It took me a good 15 - 20 minutes before I could get into what Jeremy Saulnier was slinging with his scrappy little Murder Party flick. But once the tone of the movie and my expectations kinda "clicked," I was more than happy to tag along and see where this funny, freaky flick was headed. It's broad, it's odd, and it's definitely low-budget, but it's also surprisingly well-acted, fast-paced, frequently amusing and packed with some really crazy kills near the end.
The movie opens on Halloween with a New York nobody called Chris. He finds a windblown invitation on the ground, and since Chris is obviously a big Halloween enthusiast, he heads home make some pumpkin bread, cobble together a cardboard costume, and eventually make his way to the mysterious party. Imagine Chris' surprise when, only a few minutes after his arrival at the shindig, one person is already dead and our semi-hero finds himself strapped to a chair. And everyone's pointing weapons at him. (Plus two of 'em are dressed in full-bore movie geek costumes, which I found very amusing. See if you can spot 'em in the picture!)
Seems that the party is being sponsored by Arrogant Art Students, Inc., and they've hatched a sickly little scheme: Have a stranger check in at their party -- so they can tie him down and murder him in the most "artistic" fashion imaginable. One of the gang wants to throw Chris in front of a train, another one's wielding a chainsaw, a third has a rather creative video presentation in mind. On the line for the most murderously creative student is a large chunk of grant money, and these jerks apparently have no problem whatsoever with killing a stranger or two if it validates their art (and lines their wallet).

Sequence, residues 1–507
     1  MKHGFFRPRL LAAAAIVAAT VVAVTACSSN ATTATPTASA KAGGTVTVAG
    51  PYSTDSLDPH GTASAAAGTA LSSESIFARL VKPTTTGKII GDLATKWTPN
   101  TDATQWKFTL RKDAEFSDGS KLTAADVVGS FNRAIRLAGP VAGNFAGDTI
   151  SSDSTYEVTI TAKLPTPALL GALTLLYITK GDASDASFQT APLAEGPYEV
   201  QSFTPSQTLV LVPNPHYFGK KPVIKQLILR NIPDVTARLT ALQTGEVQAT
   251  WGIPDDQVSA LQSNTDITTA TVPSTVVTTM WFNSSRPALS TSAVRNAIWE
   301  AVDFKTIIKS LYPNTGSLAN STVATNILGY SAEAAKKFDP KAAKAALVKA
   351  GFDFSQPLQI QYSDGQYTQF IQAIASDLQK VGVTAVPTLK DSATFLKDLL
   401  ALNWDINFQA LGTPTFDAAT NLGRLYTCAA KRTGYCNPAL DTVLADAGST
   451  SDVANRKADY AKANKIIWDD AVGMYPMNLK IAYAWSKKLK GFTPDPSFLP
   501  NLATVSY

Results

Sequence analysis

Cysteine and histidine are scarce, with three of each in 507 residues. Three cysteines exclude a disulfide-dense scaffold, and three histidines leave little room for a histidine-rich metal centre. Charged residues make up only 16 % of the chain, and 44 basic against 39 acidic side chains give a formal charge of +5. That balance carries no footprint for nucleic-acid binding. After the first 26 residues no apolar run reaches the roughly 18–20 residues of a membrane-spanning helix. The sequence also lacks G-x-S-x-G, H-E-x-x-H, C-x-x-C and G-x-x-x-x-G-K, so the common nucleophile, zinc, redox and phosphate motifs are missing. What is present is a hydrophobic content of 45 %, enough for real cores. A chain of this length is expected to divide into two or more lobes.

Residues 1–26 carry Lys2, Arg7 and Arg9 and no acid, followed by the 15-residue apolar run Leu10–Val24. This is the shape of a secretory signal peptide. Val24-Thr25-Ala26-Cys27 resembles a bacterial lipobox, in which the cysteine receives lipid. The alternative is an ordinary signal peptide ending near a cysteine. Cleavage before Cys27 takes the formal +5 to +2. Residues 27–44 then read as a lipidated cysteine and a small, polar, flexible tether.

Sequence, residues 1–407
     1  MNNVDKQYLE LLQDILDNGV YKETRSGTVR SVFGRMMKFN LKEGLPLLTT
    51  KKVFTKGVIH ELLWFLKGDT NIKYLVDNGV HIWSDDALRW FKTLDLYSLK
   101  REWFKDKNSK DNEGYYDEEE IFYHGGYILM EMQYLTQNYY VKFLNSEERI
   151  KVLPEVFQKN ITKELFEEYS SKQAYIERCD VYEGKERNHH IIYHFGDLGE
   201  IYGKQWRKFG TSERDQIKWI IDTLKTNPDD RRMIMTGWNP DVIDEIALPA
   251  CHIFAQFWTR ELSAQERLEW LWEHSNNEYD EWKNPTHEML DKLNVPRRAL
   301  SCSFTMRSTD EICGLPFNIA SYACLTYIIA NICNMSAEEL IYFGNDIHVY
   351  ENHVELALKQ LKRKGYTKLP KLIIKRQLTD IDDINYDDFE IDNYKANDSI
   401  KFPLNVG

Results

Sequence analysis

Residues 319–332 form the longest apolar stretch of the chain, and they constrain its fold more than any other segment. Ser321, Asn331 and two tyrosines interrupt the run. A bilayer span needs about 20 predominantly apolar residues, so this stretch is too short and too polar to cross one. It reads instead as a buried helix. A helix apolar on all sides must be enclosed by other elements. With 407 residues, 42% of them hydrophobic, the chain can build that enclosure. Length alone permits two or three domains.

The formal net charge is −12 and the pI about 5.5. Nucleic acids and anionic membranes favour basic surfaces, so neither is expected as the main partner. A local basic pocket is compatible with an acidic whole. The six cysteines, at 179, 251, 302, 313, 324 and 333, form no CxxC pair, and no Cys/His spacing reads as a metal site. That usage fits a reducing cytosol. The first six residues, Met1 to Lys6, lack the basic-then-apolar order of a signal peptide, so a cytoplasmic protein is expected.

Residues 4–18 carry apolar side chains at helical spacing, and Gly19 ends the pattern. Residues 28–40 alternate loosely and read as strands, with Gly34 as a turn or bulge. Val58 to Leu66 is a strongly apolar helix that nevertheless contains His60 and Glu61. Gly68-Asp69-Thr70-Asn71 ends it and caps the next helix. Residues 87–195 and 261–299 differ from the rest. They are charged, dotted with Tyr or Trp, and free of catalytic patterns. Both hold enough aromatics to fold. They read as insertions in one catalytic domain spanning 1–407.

If the first half of the 80-minute Murder Party gets just a little chat-heavy and circuitous, be sure to stick around for the ending, because that's when all hell breaks loose -- and it does so in dual capacities. The flick's got a dizzyingly dark sense of humor (and it helps that most of the indie actors are talented enough to hold our interest), plus it works as a fun-time horror flick as well. I wouldn't go so far as to call Murder Party a scary movie, but it's got some solid gore and some really snarky attitude ... plus I get the impression that Saulnier is lampooning the Art Student moreso than admiring them. And if there's one stereotype that can always use a good shish-kabobbing, it's that of the artsy-fartsy, know-it-all art majors.
Murder Party won the Audience Award at Slamdance and earned some really raucous reactions at this year's South By Southwest Film Festival. I doubt that anyone would call the thing a flawless piece of genre filmmaking, but it's got a low-rent charm and just enough of a brain to warrant my recommendation. Geared mainly for the old-school horror fans (or perhaps anyone who went to art school and hated it), Murder Party is a grungy, grass-roots winner. And if you don't warm up to it right away, trust me, it gets better the longer it runs.